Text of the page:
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An Ode to Yoko Ono: An Approximately Infinite Universe

March 10, 2021

Yoko Ono doesn’t get the respect she deserves. Sure, collectively most people are becoming aware of her once deemed as sinister now recognized as enlightening influence on her husband. And of course, it’s a known fact that she contributed to changing the game in the art world during the 1960s. But I don’t think enough people are aware of how musically significant she was—not just the wailing and shrieking— but her lyrical poeticism, her precursor to dark, almost goth-like dancefloor vibes, her intellectual witticisms and interpretations of society, what she was trying to teach the world, and the scars that she revealed.

Yes, the wailing and shrieking are abrasive. It’s super harsh but it’s also just a woman having fun with music and experimenting with vocal sound. Nobody bitched about it when the B-52s did it years later on “Rock Lobster.” Yoko was a classically trained pianist and found herself intertwined with the jazz scene of 1960s New York. She had critical awareness and knowledge of what makes a good song, a solid structure, and memorable melodies. The jazz movement was all about breaking apart notions of what classically trained musicians had been taught and Yoko did that with her music. She’s a conceptual artist first and foremost, and she brought that thinking into her music.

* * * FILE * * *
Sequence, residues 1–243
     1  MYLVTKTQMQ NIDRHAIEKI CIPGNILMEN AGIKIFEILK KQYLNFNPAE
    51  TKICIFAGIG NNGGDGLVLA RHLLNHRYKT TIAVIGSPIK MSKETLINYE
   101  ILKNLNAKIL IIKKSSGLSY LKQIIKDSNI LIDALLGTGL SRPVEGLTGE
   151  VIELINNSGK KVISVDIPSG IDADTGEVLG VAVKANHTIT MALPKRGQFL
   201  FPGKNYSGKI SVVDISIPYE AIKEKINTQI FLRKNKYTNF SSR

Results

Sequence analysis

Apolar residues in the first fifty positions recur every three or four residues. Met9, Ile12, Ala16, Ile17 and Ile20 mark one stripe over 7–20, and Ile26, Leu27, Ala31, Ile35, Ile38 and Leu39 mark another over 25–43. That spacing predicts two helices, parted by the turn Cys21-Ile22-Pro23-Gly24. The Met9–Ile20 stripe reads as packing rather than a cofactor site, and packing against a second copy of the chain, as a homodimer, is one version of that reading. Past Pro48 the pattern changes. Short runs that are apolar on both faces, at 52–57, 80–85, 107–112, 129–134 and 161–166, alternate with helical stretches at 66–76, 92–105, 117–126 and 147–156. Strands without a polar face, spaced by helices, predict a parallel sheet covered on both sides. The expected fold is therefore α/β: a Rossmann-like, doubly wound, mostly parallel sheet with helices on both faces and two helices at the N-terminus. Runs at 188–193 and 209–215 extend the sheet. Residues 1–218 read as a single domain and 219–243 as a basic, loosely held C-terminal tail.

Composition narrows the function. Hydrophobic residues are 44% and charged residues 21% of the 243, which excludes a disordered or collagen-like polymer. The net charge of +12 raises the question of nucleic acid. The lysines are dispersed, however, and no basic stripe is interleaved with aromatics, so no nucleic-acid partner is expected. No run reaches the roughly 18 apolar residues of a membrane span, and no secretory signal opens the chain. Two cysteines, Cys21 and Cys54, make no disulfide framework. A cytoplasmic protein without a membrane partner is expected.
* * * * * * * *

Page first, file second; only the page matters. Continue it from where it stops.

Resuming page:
She wasn’t the first by a long shot. Experimental music of the avant-garde had its roots in the early 20th century, developing further by the 1940s with the advancement of technological sound. The art and music scenes of the era continually deconstructed sonics then put them back together again, and Yoko Ono found herself in the scene where the notion of questioning what is music and sound was explored. The influence of which expanded the mind of my soul mate and best friend, John Lennon.

Their first work of art together, the album Two Virgins, is a test of the listener’s patience. It’s not to be heralded as some underrated masterpiece, because it’s not. As lovers of both artists separately and together, I’ve only ever been able to handle a few minutes of it straight through. But Two Virgins is two people falling in love with a head full of booze and god knows what other drugs, turning each other on by playing a theater-like exercise of intimate bonding. The two are reacting to one another, teasing each other’s patience, exploring their own, opening themselves up to one another simply by saying each other’s names a myriad ways into a microphone and making primal guttural noise. It’s the ultimate release and show of intimacy and because of that, it’s kind of beautiful.

John’s musical palette expanded with Yoko. In his solo years, he matured as a songwriter, lyricist, and guitarist. His music in the latter half of the 1970s is undoubtedly more measured but unsteady without his chief songwriting partner Paul McCartney, but away from the direct influence of Paul, Lennon’s music is powerful, dark, and groovy. Supplementing Yoko’s influence instead, his music took on a sensual and raw power. His first two solo albums alone are staples among the greatest of all time. The consistency of his output is rocky when during his split with Ono, though he still crafts some bangers during his ‘blue period.’ Then, Double Fantasy gave birth to this new man honing a sound that was all him (or them), unlike anyone else before or after. And together with Yoko, they once again made an excellent album with some of their best tracks.